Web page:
June 2, 2015 … salt air and seaweed

For the first official day of Winter, yesterday was very mild.


I was sitting on my chair at the water’s edge. I had an umbrella to protect the camera and the iPad from the light drizzle. The iPad is used for remote WiFi viewing through the camera which was situated on a small tripod on the beach. After a long wait, the rumble of the pilot launch, Tarakena heading out to meet the Strait Feronia suggested action might be imminent

It was also the day when a new Cook Strait ferry, the Strait Feronia, was scheduled to arrive in Wellington on its delivery voyage from Sweden. Blue Bridge are running a competition for the best image of its arrival posted to their Facebook page, so I decided to try this. I went to the grotesquely misnamed Scorching Bay, and armed with a cup of coffee and a biscuit from the nearby cafe, set myself down on a picnic chair at the water’s edge to await the newcomer’s arrival.

Strait Feronia

Strait Feronia arrives against a dark sky. Happily, it was sunny in the inner harbour

It’s a condition of entry that the submitted image can not have been published elsewhere, so I am holding back the image I submitted, in favour of this less adventurous shot. Her looks are deceptive. She is now the longest ferry on the Strait with the greatest number of lane-metres for vehicles. Unlike the Interislander vessels, she has no rail capacity, and carries only 370 passengers. She was built in 1996 and has served in the Irish Sea and in the Mediterranean.


The tug uses its water monitor to salute the new arrival. Her smaller sister, the Straitsman arrives on a scheduled voyage but wearing flags to honour the occasion (click to enlarge)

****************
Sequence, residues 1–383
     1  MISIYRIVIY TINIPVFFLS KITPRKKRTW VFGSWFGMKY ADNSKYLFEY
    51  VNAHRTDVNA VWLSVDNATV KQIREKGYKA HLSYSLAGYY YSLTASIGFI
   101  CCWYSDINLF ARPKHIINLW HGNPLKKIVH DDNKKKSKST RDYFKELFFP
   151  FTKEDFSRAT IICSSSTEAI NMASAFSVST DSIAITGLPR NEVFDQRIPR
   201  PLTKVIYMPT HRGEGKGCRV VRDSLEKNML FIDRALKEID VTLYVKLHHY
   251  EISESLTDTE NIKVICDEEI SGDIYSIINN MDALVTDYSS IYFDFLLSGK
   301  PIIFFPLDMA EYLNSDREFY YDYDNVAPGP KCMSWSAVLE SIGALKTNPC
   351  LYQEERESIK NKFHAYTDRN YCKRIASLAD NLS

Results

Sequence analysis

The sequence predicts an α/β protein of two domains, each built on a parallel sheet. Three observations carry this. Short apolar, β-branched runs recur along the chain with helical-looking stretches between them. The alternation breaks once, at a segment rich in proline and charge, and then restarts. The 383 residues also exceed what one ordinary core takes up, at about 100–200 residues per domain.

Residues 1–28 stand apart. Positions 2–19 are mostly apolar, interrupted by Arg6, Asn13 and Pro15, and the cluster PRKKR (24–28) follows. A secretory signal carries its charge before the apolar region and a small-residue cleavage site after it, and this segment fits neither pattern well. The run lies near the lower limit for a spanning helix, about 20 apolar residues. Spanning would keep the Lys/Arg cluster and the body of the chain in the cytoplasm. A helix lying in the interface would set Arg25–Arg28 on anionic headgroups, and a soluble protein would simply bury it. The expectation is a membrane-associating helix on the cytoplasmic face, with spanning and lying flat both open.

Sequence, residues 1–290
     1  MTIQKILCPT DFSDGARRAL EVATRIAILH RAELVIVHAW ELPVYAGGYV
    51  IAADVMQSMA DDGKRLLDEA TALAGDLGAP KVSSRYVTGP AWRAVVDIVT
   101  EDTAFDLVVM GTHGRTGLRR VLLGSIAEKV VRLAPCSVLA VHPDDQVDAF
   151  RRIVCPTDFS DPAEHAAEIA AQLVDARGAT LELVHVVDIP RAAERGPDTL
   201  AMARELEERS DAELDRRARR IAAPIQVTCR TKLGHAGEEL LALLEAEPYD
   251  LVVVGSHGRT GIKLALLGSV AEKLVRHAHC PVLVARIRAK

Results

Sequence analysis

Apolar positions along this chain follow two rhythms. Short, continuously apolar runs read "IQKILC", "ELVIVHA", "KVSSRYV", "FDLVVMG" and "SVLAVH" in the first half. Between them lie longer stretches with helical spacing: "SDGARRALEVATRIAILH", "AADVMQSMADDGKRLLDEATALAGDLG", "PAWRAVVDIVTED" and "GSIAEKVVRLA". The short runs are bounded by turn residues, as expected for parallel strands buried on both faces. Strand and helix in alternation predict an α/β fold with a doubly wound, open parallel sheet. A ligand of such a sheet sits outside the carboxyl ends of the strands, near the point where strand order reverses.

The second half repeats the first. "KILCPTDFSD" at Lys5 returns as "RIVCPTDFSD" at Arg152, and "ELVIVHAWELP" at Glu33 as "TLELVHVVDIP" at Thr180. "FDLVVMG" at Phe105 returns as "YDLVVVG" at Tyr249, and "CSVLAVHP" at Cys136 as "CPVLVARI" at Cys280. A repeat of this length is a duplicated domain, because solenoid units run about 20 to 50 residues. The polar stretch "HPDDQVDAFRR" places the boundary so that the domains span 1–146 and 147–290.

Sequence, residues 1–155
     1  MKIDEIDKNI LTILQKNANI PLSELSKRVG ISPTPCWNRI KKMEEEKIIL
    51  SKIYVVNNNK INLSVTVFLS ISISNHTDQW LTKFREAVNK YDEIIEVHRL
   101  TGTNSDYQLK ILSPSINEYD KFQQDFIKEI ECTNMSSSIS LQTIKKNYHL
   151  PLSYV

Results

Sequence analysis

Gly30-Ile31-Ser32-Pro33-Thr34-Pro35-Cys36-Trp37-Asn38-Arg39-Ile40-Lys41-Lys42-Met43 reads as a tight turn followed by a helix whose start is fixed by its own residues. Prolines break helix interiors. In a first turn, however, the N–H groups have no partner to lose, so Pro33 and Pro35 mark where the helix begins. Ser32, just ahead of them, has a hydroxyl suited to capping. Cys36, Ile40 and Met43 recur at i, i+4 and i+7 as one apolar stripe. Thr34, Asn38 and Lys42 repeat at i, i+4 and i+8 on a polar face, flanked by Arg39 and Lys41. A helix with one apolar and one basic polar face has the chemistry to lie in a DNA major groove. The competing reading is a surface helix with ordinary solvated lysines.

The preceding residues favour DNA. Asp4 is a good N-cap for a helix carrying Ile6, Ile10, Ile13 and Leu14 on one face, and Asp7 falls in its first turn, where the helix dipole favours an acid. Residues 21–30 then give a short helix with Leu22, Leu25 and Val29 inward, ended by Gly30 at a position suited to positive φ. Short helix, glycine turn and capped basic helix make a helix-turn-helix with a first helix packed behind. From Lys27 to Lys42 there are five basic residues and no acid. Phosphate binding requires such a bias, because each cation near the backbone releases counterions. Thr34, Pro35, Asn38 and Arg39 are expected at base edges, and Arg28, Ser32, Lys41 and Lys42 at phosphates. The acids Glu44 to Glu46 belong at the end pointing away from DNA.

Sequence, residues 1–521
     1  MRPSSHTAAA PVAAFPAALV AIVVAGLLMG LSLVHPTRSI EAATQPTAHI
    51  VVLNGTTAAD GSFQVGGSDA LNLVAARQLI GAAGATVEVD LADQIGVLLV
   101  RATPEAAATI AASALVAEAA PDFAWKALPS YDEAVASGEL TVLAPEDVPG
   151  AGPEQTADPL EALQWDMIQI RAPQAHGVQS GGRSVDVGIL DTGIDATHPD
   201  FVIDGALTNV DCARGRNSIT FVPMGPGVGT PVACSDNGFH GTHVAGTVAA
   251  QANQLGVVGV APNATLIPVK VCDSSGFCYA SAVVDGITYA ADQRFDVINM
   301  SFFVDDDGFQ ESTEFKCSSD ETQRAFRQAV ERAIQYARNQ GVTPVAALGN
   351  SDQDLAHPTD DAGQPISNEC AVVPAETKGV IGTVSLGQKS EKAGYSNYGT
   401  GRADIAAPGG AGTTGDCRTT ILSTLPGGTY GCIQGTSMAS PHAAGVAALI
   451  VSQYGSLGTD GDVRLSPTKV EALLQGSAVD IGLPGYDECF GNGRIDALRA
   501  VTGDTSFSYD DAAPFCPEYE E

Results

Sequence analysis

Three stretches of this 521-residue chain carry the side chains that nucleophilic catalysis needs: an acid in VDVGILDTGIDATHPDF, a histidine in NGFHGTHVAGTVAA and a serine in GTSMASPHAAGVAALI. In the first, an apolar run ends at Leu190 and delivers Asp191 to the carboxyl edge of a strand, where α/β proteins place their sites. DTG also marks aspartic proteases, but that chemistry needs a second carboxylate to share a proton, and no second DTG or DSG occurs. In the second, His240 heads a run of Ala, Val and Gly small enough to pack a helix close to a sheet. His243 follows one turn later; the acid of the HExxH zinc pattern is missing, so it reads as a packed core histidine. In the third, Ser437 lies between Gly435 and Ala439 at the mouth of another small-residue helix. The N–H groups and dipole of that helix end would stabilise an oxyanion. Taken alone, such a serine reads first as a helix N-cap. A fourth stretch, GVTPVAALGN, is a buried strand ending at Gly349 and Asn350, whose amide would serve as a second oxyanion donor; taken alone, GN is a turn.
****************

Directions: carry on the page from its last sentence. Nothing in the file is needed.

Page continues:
There are customs of the sea to be observed and CentrePort sent one of their tugs out to do the traditional water cannon welcome. Her sister ship, the Straitsman was “dressed overall” in honour of the occasion. Once that meant hanging out all the ships signal flags on the stays from the bow to foremast to mainmast to stern. Modern marine architecture doesn’t lend itself to such frivolity, so a single line of bunting from the bow to the bridge had to suffice.


Seaview Marina in perfect calm

In the afternoon, noting that the harbour remained beautifully calm, I went to Seaview Marina. I have done many reflection shots here before, but wanted to try something new. The Olympus has a special feature for taking landscape or still life images from a tripod. It uses the image stabilisation mechanism to move the main sensor through eight different positions, making an exposure at each. It than creates a composite image of 40 megapixels (compared with the 16 megapixels of the normal image). This was a risk given that everything has to remain absolutely still for the duration of all eight exposures. No wind, no waves, and I got away with it. Even the man in the cockpit of the boat with the green trim stood perfectly still as he tried to figure out what I was up to.

Something else tomorrow, though I have no idea what.



About wysiwygpurple

Retirement suits me well. I spend much of my time out making pictures, or at home organizing and refining my pictures. This blog provides me with a platform from which I can indulge my passion for improving my photography and at the same time analyze my thoughts about what I have seen, where I have been and what is happening in my life. My images set out to be honest, but that does not mean I have not adjusted them. I use software to display what I saw though the viewfinder to best advantage. My preference is for landscape and nature, and is mostly centred around my hometown of Wellington, New Zealand.
This entry was posted in Maritime, Seaview, Weather, Wellington. Bookmark the permalink.

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